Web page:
The recent scenes of thousands of people being evacuated from apartment blocks in London shocked Australian apartment residents – almost as much as the deadly Grenfell Tower fire that prompted Camden council to take such drastic action.
Given that we seem to have even more buildings with inflammable cladding than the Brits, can we expect to see similar scenes here?
To be clear, the Camden evacuations, in which 3000 residents were moved to emergency accommodation, wasn’t a bureaucratic over-reaction to the presence of unsafe cladding on their tower blocks.
According to UK newspapers, the local fire brigade told the council they needed to get people out as quickly as possible because those buildings also had inflammable cladding on top of other serious fire safety issues, including faulty fire doors and exposed gas pipes.
Which brings us to the Australian equivalent to London’s council flats – Housing NSW’s stock of apartment high-rises?
Surely if an estimated 2000-plus privately owned unit blocks across this state have cheap cladding, then “houso” high-rises must be similarly endangered. And has anybody even checked?
Well, yes, we have, says Family and Community Services Minister Pru Goward. And no, they don’t have buildings with aluminium cladding on them.
“Family and Community Services (FACS) takes the safety of its tenants very seriously,” she told Flat Chat. “I am advised that none of our residential tower blocks have aluminium composite cladding on their facades.
“All residential towers are solidly built and well equipped to reduce fire risk. Most are concrete structures, with concrete floors and brick infill,” she added. “The tower blocks are fitted with a range of additional active and passive fire safety measures to reduce fire risk.”
Lucky us, you have to think. In the UK, of the 80 or so apartment buildings covered with aluminium cladding that councils have so far checked, every one of them failed the fire safety test.
And Grenfell, in which more than 70 council tenants died, was a perfect storm of unsafe materials, over-crowding, densely laid-out apartments, inadequate fire safety measures and fatally poor information that made the tragedy much worse than it otherwise might have been.
Housing NSW high-rise tenants add up to a tiny fraction of the numbers of council tenants in the UK and represent a relatively small proportion of apartment residents here.
And that reveals another reason we not seen scores of Australian families tipped out into the streets with only whatever goods and chattels they can carry.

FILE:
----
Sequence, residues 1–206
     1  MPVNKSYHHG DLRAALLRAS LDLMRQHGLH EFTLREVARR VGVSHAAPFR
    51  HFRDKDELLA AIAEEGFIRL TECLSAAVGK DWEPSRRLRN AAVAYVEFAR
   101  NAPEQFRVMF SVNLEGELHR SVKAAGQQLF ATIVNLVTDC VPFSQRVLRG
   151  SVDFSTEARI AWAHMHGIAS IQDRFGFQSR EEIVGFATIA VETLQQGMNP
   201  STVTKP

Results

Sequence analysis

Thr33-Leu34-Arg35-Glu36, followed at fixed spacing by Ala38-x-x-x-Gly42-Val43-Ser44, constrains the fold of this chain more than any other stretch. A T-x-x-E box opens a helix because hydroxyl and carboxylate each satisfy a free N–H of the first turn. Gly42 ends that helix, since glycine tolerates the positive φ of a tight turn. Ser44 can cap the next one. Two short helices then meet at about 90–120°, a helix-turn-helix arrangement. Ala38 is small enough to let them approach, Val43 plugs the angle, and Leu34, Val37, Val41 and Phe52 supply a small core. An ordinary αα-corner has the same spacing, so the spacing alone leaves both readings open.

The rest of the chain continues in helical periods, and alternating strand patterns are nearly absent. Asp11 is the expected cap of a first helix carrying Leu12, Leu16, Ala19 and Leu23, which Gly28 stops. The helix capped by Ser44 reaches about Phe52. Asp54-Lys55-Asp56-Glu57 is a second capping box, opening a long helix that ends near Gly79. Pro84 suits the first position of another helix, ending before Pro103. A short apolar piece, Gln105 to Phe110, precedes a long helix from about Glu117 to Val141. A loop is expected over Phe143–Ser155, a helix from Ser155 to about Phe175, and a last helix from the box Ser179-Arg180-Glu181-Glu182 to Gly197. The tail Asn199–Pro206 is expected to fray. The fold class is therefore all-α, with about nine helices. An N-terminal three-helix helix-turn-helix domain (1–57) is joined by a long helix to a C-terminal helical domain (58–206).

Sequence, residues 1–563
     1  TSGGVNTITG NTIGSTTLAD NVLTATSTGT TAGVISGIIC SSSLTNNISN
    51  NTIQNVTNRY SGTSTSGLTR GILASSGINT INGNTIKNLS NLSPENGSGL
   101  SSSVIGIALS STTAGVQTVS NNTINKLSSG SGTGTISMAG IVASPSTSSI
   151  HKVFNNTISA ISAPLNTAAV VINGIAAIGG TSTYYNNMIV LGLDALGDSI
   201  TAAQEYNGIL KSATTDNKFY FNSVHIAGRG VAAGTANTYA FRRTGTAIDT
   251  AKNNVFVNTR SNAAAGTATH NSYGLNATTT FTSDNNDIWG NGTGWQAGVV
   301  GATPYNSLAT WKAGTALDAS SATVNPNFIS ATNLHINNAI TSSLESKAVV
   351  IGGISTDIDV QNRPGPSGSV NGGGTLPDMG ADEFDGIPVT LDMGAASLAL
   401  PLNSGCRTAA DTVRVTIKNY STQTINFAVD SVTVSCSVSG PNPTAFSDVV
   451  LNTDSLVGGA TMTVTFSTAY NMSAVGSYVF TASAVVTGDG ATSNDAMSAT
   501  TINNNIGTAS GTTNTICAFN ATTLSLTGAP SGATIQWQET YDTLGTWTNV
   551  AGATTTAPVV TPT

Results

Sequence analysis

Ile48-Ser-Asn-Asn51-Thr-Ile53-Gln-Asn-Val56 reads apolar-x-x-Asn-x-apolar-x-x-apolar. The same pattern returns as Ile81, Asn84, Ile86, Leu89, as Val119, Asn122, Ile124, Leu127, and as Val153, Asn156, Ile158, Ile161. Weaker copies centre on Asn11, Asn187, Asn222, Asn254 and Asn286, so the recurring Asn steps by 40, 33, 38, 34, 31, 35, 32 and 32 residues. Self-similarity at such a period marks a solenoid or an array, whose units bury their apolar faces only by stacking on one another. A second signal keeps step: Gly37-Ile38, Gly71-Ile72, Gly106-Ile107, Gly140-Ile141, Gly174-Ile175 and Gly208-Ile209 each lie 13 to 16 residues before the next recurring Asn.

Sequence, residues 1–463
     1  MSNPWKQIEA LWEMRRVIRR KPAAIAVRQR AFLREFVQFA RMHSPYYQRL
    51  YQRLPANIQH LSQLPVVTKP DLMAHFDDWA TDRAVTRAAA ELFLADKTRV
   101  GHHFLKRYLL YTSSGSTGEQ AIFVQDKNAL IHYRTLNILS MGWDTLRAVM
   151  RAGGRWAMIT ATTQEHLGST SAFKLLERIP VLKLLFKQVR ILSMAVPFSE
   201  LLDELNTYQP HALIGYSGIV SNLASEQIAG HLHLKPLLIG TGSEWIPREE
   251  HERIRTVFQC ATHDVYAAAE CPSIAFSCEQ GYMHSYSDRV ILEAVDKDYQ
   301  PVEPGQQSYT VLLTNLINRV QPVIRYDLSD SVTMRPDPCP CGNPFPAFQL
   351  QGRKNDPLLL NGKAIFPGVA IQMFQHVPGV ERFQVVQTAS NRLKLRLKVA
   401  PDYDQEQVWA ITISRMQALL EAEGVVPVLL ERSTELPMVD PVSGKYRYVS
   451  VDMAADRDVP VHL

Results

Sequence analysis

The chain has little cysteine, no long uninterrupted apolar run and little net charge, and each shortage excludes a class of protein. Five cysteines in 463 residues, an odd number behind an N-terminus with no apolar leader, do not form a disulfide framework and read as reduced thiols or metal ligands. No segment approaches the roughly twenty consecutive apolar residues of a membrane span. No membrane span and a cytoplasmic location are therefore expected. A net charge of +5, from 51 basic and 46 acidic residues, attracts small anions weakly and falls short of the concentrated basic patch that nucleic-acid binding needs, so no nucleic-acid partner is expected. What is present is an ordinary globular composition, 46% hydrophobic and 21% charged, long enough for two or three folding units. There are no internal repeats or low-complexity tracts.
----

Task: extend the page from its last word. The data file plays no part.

Is it because the majority of our buildings are safer than the Brits’? Or is it because nobody is running around asking questions that could lead to a very expensive answer?
If a building was deemed to be so unsafe it was uninhabitable, rental investors, who own the majority of units in this state, would have to pay to re-house their tenants as well as their share of the cost of replacing the cladding.
Meanwhile, by the way, the developers and builders who put the cheap crap all over our buildings are highly unlikely to be held to account, either legally or financially.
If the investors have little interest in identifying problems and the residents don’t want to end up sleeping in the local sports centre – nearly 100 people refused to leave the Camden flats – who’s going to ring the alarm bells?
As we said recently, it is almost inevitable that we will see another high-rise fire in Australia, not least because we seem to have even more buildings covered in this stuff than the Brits do.
We have all the ingredients – inflammable cladding on buildings with dodgy or inadequate fire safety equipment, laughable certification procedures, over-crowding, internally sub-divided units, blocked and locked fire escapes, open fire doors, junk-filled balconies and poor management that allows all this to go on.
I’d wager that at least one building, somewhere in this city has most if not all of those issues. If so, we are one dropped cigarette end, one neglected balcony barbecue, one faulty heater away from our own Grenfell.
But, in the meantime, rest easy (albeit with crossed fingers): there will be no mass evacuation of flat dwellers in NSW because all the risk is on private property and not in Housing NSW blocks.